> The Link-S essentially is an “infinity” camera that can be left unattended, and it has a 2-year manufacturer’s warranty. This gives the user images with zilch for human intrusion and potentially saves a pile of money on AA batteries over the life of a standard cellular camera.

> This 12MP camera can shoot still photos, time-lapse and HD video. The Link-S also boasts 100′ detection and flash range with an ultra-impressive trigger speed of 0.07 seconds, ensuring minimal blank images.

Sounds like a pretty cool cam…BUT will cost you $500 apiece….

Make sure you factor in “depth of cover.”

Another great vid from Jeff Sturgis at Whitetail Habitat Solutions — simple tricks to figure out where bucks are bedding:

> “Depth of cover” is a phrase I coined years ago to explain the layering effect of does and bucks and where bucks will be. And you can apply this to anywhere that whitetails roam.

> So many times people are going out into the woods to scout and they’re not being very efficient, because they’re looking for buck sign when they haven’t actually [figured out] where bucks are going to live in the first place by using the concept of depth of cover.

> Depth of cover is simple. You have to have food…once you find the main food source in the area, and that could be changing on public land because deer are almost migratory on public land and big areas…and there’s gotta be cover adjacent to that food.

> You find food, you find cover. You find those does within that cover. You still have cover around them, and then you find bucks. That’s that depth I’m talking about.

> Depth of cover means food, does, bucks. There’s a balance on that distance between coverless ag and big, open woods.

> You have to have limited hunting pressure. If you pressure this doe area, which a lot of times is a staging area — a staging area is the last effective form of cover before bucks or does step out into their afternoon food source.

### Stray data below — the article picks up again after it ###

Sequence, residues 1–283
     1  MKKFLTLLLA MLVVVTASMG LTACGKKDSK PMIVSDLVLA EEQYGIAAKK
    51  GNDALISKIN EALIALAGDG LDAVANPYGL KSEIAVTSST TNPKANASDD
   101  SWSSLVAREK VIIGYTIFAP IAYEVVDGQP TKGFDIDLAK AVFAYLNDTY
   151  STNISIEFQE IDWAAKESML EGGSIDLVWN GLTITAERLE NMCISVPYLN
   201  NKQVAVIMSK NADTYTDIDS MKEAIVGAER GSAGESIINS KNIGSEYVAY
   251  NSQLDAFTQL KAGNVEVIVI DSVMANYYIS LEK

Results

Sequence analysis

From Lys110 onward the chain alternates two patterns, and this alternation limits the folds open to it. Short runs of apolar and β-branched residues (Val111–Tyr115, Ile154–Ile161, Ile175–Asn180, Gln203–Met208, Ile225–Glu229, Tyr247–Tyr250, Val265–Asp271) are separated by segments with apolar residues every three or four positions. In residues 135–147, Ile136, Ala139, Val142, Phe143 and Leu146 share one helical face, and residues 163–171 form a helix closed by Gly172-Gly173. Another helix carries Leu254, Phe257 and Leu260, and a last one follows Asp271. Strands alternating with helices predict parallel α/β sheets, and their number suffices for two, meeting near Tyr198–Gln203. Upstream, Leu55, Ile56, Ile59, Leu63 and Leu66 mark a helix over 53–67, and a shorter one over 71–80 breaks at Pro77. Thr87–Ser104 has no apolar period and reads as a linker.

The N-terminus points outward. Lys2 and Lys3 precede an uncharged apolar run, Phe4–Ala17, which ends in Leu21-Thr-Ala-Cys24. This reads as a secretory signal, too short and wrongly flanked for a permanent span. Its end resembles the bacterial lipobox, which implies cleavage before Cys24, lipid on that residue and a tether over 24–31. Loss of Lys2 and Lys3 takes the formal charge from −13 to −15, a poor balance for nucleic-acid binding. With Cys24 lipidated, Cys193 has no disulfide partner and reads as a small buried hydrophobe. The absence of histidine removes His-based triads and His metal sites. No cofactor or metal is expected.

> And if you hunt there, stick your stand there, or pour your scent into there like a lot of people do because it’s full of rubs and scrapes and a lot of deer sign, then you’re destroying that doe bedding area, and you’re pushing those does back, and you’ll eliminate the depth of cover for bucks.

How great is that! Concept is so simple but it can hard to stay outta those places….


1. IN might allow airguns for deer hunting.

At — can’t link it:

> The gun would have to propel a single projectile by means of non-ignited compressed air or other gas charged by an external high compression power source, and have a .40 cal or larger bullet or ball at a single discharge that generates at least 400 ft-lbs of muzzle energy.

2. MS airbow legislation is dead?

> …it was determined that air bows are more like guns and would compromise the integrity of archery season. “This weapon has nothing to do with a bow. It’s more of a gun because there are no limbs or string, so it doesn’t constitute a bow. There is no part of it that is a bow.”

> The decision to allow the bill to die is supported by the Mississippi Bowhunters Association.

3. TTHA, SCI, Buckmasters in a lawsuit.

> The Texas Trophy Hunters Association has filed for a temporary restraining order against 2 rival groups, charging that Safari Club International stole its proprietary membership list and provided it to Buckmasters to solicit new members.

4. WV: 6 state parks will have deer-control hunts this fall.

5. AR will allow some e-bikes on WMAs.